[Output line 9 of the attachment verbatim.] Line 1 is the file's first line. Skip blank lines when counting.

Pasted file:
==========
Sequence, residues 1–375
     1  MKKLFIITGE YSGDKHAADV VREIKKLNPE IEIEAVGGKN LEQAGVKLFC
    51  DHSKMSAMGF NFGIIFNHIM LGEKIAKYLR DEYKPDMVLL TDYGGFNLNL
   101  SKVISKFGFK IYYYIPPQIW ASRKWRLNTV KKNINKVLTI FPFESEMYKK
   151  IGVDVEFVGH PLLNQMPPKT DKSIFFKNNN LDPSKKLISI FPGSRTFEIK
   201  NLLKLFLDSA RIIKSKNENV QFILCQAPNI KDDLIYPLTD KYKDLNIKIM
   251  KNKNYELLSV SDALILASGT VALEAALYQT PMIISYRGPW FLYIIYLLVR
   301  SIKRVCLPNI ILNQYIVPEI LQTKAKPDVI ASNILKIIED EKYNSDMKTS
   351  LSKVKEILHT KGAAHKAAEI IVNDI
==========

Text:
   351  LSKVKEILHT KGAAHKAAEI IVNDI